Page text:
Growing Veg at Home this Spring
Discover indoor gardening with The Compost Shop Guide to Springtime Gardening- Indoors!
If you don’t have a greenhouse- maybe you don’t have the space, or the money - February can be a pretty dull month for gardening. Obviously the days are short and weather is still cold (if not colder) as previous months, and even though Spring is round the corner, it’s very much winter. Add to this that you’ve maybe not been able to get on with very much through the dark, dreary winter months, and that you’re probably full of ideas and pent-up energy for the coming Spring. Indeed, for an enthusiastic newcomer, the down time of winter can seem drag on forever. By late winter, the thought of something, anything growing fresh shoots can be a joyful one and an antidote to the winter gloom. Indeed, the presence of a growing plant always has the ability to relax and restore you after a miserable winter.
So what about indoors? For a recent convert to gardening, there can be few outdoor options available in February, and the warmth and protection from the elements afforded by planting indoors provide excellent growing conditions, all year round. So here’s our guide of top tips for growing veg indoors in February:
Select your crop:
For most of us, space at home is enough of an issue without adding plants into the equation! So watch out you don’t plant anything that’s going to grow too large for the sun-lit spot you’ve selected for it, unless you have somewhere more suitable, like a conservatory or greenhouse, where you can move it once it has grown. Remember to select a plant based on how much sun you can provide for it without changing its position – plants generally respond poorly to being moved. Those requiring lots of light should be kept to West and South facing windows.
Think outside the box- surprisingly, pole beans and peas can be easily grown indoors, either with a shortened length of bamboo or by hanging strings from the ceiling for it to climb. With beautiful flowers, these can be attractive and unusual plants to keep indoors- however with a maximum grown height of almost two metres, they may require a bit of forward planning. Broad beans like the Super Aquadulce –extremely hardy, even to be planted outside in February- or peas like the alderman or Kelvedon Wonder can be planted this time of year, the latter are very suited to indoors growing due to their reduced size.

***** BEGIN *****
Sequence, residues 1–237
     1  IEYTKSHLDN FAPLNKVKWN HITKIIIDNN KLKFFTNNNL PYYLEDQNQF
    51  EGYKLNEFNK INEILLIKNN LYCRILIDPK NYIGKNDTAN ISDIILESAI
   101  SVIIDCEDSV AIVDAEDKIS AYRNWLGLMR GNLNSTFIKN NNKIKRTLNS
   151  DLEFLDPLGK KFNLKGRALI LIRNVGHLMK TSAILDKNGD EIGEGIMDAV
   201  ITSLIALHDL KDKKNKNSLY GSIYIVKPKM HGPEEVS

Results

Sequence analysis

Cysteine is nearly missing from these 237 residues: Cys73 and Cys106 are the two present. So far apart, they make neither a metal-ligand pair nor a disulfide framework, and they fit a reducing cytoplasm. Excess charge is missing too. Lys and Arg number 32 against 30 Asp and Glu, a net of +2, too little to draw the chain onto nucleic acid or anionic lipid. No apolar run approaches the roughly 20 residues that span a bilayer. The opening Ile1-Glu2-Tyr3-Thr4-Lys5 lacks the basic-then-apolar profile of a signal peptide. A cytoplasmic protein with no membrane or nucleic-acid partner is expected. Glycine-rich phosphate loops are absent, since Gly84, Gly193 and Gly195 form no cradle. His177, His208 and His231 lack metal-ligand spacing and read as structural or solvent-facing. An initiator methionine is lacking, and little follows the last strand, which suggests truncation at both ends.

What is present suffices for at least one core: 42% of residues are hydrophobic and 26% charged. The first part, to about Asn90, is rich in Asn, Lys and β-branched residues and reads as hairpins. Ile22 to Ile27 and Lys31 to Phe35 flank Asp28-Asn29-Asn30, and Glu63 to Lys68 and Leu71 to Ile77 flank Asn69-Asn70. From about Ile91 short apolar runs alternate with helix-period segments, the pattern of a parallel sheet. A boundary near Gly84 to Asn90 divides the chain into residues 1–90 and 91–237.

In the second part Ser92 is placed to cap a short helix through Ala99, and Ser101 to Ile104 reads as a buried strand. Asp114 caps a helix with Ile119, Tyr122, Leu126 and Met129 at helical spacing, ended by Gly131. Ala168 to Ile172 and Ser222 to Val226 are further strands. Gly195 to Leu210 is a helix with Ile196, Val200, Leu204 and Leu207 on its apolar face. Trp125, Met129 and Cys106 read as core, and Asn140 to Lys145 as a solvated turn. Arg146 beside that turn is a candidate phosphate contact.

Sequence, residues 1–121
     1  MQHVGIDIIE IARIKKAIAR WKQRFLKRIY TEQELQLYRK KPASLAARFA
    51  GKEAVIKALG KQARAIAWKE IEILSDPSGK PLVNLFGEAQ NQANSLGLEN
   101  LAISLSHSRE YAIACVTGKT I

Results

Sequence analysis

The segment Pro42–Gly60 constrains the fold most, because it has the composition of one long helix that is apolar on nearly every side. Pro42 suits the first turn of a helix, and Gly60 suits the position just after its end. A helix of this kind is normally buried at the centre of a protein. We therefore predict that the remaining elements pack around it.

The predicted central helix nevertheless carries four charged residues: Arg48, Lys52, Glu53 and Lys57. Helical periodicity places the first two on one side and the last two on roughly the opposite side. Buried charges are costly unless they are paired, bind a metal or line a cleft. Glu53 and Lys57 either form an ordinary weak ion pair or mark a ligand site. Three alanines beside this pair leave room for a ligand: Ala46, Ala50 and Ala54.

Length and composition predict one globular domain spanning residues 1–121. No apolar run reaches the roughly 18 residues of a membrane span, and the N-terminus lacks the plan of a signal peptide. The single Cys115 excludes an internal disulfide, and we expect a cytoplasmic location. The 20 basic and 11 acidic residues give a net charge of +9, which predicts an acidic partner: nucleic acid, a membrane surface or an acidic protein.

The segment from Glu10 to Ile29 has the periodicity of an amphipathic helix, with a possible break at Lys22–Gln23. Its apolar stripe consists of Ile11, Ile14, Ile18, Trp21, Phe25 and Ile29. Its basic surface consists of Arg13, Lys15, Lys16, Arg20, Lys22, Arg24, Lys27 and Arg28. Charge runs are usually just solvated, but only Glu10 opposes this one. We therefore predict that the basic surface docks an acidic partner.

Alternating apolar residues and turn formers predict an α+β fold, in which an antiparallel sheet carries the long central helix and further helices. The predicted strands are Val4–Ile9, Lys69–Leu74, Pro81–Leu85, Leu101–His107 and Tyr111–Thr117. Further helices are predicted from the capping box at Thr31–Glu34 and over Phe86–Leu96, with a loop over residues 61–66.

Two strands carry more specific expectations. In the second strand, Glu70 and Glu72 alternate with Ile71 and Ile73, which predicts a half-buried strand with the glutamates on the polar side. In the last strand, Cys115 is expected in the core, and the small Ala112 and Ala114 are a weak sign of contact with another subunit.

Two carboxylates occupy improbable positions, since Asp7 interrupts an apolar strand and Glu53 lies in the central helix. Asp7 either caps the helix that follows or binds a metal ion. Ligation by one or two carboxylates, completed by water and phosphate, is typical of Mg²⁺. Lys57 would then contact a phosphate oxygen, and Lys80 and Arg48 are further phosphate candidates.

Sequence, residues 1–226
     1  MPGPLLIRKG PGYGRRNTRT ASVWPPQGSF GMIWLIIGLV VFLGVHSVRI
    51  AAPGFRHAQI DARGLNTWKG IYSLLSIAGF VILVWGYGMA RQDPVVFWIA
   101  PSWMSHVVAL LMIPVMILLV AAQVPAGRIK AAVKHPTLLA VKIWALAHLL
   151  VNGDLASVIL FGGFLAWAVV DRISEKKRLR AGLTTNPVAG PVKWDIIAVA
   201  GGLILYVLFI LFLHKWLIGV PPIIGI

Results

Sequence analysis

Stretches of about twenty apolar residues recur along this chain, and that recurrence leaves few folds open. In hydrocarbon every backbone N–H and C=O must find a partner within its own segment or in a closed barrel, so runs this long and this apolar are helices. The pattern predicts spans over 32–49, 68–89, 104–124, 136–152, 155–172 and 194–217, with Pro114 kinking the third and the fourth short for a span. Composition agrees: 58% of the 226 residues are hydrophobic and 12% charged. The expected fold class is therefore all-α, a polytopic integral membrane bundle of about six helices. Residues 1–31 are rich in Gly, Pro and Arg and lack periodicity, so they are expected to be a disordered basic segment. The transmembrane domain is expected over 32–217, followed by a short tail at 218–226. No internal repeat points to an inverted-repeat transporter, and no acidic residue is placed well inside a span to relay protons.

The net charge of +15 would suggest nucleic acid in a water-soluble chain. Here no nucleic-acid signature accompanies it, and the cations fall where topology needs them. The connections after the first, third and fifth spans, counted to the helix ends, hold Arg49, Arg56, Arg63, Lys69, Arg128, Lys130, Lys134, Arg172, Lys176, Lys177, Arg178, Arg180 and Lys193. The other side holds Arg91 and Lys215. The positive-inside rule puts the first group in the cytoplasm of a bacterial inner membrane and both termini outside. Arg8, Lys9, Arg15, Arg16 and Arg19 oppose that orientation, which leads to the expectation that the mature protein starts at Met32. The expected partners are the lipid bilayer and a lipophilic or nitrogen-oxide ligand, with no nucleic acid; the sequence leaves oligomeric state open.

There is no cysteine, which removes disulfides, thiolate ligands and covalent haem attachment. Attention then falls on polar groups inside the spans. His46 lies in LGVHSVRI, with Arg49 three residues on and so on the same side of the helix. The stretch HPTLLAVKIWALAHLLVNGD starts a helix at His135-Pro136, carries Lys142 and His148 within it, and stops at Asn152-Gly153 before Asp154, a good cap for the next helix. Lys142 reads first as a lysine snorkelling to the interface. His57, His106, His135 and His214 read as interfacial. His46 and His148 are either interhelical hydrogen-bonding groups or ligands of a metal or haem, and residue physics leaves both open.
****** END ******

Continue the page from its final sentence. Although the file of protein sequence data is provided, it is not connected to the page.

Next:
If you aren’t keen on legumes, there are lots of alternatives. Basil, oregano and dill are all suitable to growing indoors, as are salad leaves, and possibly even peppers or tomatoes. With enough care and attention you will surprise yourself!
Indoor plants need more water than outdoor plants. So you will need to stay on top of your watering plan. It’s not enough to water only if it crosses your mind- chances are once in a while will not be sufficient in a warm house, and any attempt to make up with an extra helping will result in killing your plant. For the most efficient drainage, water with a consistent amount of water at a set time. Remember to bear in mind the type of plant you’re watering and the amount it needs. One advantage of indoor watering is relatively consistent air temperature, which can help with keeping your watering measured and avoid under watering.
Needing more water means more risk of overwhelming the plant, so drainage becomes even more important. It’s vital to ensure adequate drainage by placing some gravel, stones, or wood chips in the bottom of the pot, and to use a perforated pot that allows the excess water to pass through. Place this inside a watertight container to ensure your plant remains well watered without wallowing in stagnant water which can cause rot or attract unpleasant insects. Unglazed terracotta pots are porous and can offer some natural evaporation to reduce excess water.
When planting pot plants for the first time it’s important to take steps to nurture them – take care over your first steps and your new veg will be able to prosper and grow in the coming months. The best way to do this is thorough research into the specific needs of the species you’d like to grow. And of course using the correct compost is a great way to help your seedlings thrive. For small seeds and seedlings we recommend John Innes No. 1 compost. With carefully balanced nutrients, John Innes No. 1 has been used for over 50 years to help seedling stage plants develop. Too dense a nutrient profile can actually damage your young plants, so be certain to use the best compost for them. For larger, grown plants we suggest John Innes No. 2 compost and for the largest, fully grown specimens in their final stage of potting we think you’ll find John Innes No. 3 compost provides the best support. John Innes was specially formulated for potted or container plants at different stages of growth- so if you’re looking to give them a bit of boost this blend would be a great start! For more information on John Innes composts, see our blog the subject.
Remember, there is an abundance of tips for indoor & outdoor gardening online, with lots of information available- however don’t feel overwhelmed or under pressure to use every garden blogger’s favourite garden ‘hacks’- be positive, go at your own speed and the pleasure of growing indoors will last a lifetime!